IN the scatter storm that was spring semester 2007, I found myself, along with the vast majority of the junior class, precariously balancing an exhaustive internship search along with the normal academic workload. The Public Policy Studies degree (my major) actually requires an internship to be filled in the government or non-profit sector. I was (fortunately) disqualified from any financial or business-related internship – the i-banking/consulting recruiting blitzkrieg that storms Duke in late January is a beast all of its own... At any rate, I had a relatively specific sector to which my internship search would be targeted. This, in essence, meant that I was carpet-bombing my résumé into the office of every think tank, government office, and 501(c) in Washington. Because I’m on financial aid, non-paid internships were out of the question. I would find a paid internship!

Not surprisingly, K Street disagreed. I received decline after decline. By mid March, prospects were grim.

Eventually, by way of a rerouted e-mail, I learned about the DukeEngage New Orleans program at just about the same time I cheated and applied to a for-profit, private corporation that had managed to fall under the PPS internship umbrella, as a “government sector” job. The corporation? The military contractor, Raytheon International. While lacking the notoriety of a DynCorp or the shadow-factor of the Carlyle Group, Raytheon certainly does its fair share of arms dealing.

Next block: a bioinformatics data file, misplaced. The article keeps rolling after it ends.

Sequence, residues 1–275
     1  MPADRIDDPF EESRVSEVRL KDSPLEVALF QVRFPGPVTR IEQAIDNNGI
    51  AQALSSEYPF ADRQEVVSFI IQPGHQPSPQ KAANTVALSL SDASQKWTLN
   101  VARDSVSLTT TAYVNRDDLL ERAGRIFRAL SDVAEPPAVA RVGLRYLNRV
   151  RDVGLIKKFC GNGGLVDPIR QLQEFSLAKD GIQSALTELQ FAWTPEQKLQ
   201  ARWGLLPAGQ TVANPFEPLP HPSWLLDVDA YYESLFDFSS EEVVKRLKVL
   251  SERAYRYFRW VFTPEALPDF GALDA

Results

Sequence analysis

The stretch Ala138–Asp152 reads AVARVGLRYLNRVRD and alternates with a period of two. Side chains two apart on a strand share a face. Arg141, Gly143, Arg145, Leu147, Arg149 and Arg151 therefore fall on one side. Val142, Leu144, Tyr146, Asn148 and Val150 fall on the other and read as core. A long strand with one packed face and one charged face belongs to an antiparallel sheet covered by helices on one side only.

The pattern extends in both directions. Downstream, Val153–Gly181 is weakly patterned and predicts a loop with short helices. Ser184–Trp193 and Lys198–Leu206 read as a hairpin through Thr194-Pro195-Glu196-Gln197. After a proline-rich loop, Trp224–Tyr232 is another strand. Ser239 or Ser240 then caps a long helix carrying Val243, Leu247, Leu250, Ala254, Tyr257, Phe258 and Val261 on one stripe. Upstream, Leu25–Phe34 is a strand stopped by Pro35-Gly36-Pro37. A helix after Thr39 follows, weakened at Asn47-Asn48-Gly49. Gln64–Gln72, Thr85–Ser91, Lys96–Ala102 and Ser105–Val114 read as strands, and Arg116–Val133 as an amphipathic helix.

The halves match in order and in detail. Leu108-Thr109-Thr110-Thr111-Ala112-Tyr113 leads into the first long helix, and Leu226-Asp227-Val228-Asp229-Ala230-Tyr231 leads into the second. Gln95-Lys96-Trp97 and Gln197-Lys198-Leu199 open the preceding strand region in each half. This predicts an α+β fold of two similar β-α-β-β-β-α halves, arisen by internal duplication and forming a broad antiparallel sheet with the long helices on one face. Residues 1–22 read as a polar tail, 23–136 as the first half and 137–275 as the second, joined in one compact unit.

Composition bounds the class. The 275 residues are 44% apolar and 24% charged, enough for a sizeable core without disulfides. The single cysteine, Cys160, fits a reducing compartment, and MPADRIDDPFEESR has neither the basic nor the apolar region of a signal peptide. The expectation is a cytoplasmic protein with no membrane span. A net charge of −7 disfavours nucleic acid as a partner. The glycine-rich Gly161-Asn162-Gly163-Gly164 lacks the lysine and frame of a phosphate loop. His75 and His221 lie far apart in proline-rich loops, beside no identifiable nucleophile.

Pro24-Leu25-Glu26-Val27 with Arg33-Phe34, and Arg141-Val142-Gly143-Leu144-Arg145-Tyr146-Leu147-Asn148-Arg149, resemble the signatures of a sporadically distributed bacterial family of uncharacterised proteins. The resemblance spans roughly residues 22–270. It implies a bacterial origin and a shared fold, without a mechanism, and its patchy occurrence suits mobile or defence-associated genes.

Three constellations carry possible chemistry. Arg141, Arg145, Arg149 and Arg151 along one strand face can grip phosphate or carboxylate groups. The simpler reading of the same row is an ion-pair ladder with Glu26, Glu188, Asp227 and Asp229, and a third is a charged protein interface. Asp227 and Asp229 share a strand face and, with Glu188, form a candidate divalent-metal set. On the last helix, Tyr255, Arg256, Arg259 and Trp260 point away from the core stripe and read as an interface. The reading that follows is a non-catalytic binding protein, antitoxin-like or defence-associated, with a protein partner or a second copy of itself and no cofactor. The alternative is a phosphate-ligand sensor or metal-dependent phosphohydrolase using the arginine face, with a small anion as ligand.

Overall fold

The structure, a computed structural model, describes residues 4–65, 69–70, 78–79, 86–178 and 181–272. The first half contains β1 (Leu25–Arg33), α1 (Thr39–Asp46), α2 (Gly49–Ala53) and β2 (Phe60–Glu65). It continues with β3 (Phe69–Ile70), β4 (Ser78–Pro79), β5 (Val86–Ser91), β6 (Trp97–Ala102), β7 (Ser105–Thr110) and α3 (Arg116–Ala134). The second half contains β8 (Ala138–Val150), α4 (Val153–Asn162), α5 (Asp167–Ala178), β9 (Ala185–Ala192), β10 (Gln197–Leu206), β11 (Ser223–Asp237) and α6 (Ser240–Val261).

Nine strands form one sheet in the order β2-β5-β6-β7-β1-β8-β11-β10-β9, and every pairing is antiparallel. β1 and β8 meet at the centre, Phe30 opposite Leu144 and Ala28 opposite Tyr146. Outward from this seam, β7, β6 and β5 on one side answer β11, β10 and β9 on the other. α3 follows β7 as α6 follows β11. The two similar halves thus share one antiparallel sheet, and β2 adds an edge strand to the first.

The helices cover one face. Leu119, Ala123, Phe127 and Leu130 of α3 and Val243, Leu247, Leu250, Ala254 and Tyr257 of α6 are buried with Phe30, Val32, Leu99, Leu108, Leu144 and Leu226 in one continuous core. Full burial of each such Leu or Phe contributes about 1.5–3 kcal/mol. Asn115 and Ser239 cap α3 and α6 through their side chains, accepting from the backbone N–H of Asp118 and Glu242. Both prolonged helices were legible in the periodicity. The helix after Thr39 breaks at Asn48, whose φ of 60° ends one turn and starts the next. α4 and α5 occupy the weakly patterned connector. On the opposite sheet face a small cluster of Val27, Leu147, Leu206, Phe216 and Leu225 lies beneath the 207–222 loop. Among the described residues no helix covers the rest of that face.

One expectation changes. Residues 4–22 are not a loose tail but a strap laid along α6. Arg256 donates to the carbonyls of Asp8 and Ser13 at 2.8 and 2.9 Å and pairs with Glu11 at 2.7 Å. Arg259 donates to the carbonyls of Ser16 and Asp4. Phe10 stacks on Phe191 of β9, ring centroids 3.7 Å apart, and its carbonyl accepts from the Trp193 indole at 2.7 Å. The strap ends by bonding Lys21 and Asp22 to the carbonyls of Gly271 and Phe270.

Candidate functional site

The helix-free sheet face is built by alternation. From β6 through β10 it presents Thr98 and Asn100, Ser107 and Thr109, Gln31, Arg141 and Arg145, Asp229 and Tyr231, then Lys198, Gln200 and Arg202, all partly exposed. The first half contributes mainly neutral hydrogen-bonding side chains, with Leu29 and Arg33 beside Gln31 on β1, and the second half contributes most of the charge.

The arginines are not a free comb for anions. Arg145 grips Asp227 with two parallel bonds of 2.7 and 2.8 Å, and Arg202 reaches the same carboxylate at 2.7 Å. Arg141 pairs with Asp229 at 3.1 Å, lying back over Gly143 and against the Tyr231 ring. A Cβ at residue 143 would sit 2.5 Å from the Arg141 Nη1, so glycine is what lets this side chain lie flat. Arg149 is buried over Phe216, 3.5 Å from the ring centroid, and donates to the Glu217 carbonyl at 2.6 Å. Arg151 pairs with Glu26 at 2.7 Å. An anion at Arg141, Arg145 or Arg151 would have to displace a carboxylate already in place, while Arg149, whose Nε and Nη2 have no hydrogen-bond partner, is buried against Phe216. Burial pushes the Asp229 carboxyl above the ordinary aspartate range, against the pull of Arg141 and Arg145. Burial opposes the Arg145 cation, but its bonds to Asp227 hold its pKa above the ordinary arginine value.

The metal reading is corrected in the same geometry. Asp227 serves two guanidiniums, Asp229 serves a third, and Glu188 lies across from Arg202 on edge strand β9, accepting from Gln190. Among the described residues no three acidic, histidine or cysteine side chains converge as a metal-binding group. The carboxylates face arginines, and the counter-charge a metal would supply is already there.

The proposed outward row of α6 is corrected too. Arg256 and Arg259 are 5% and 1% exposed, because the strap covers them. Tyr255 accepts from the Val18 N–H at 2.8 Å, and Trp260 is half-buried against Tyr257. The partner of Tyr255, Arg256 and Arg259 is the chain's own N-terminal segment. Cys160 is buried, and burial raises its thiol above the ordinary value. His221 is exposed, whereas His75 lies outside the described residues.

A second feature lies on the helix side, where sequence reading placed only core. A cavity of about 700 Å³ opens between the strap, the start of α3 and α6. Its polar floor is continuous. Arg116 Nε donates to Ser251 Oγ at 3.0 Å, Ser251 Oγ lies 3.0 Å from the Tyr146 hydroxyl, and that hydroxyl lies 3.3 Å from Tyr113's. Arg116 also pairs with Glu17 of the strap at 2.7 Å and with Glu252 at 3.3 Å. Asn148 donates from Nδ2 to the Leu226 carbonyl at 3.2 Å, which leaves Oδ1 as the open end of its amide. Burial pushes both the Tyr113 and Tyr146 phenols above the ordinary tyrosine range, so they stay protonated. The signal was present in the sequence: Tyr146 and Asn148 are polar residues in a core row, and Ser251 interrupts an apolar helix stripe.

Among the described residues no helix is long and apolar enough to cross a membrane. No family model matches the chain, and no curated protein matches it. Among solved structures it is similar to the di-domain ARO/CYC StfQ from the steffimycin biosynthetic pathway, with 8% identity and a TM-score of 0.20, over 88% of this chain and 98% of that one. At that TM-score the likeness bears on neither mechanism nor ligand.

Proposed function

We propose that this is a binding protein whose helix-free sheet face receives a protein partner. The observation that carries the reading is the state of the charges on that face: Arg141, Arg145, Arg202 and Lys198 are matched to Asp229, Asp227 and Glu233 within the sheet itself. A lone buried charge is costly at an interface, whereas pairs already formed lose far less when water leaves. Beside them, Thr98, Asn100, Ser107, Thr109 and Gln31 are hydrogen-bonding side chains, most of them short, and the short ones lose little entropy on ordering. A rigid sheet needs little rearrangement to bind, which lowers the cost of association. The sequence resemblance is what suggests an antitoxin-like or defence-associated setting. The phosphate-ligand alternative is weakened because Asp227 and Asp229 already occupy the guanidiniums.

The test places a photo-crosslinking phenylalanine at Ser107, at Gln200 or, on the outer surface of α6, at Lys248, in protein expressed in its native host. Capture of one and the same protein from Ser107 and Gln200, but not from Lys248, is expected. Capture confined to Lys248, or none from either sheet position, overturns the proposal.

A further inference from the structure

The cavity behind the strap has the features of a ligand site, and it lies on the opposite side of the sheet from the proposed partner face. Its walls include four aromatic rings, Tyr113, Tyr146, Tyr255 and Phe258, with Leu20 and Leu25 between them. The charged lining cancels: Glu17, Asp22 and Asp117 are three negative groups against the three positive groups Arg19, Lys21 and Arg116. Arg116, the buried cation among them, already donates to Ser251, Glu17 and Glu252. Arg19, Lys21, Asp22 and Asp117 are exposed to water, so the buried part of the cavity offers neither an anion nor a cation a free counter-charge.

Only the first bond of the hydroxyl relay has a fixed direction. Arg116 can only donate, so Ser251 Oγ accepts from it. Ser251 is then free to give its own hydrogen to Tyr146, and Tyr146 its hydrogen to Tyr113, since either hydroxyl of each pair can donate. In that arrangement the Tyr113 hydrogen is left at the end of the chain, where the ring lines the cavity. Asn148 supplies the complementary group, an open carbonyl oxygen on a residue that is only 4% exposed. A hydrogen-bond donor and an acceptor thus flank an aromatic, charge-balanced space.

Telling people I was interviewing with a defense contractor typically drew two different responses: trigger-happy gung ho praise, especially from Halo obsessed slackers and most of my male friends; and mildly veiled disappointment from some of my more idealistically attuned peers who thought that at the tender age of twenty-one I was already selling out to help make war machines. As finals approached, I had narrowed my options down to DukeEngage NOLA and Raytheon.

It actually turned out to be quite an ironic choice dilemma, given that my summer options could essentially be delineated as 1. sell missiles; or 2. help people. (It would probably be fair to say that Raytheon was also paying, as well.) Of course, nothing is quite as black and white as 1 and 2, and so for a two week period I debating the pros and cons of both choices. I made it through the 2nd round at Raytheon and had my final interview scheduled a few days after my last exam. Amid research papers and final presentations, I debated what I had slowly managed to construe as one of the most important choices of my young life (Destroy or create! Profit or non-profit!) I started to add unnecessary weight and meaning to the decision. And so with oh so serious alacrity, I set about seeking advice from my family and friends.

I asked my roommate what he thought. “Financial security, Michael. Don’t think that you have a guaranteed job out of college. Don’t think that 30k in loans will be a cute little capuchin monkey on your back. It’ll be a fat and pissy half ton gorilla.”

I asked another one of my friends. “Spending a summer picking up trash so you can feel good about yourself is pretty odd, Mike. What difference are you going to make, anyway? But you still got to ask yourself: you trying to get yours first?

My sister disagreed. “If any place needs people, it’s New Orleans. Don’t you want to have an edifying summer experience helping people? Do you think you’ll get that in Duke in DC?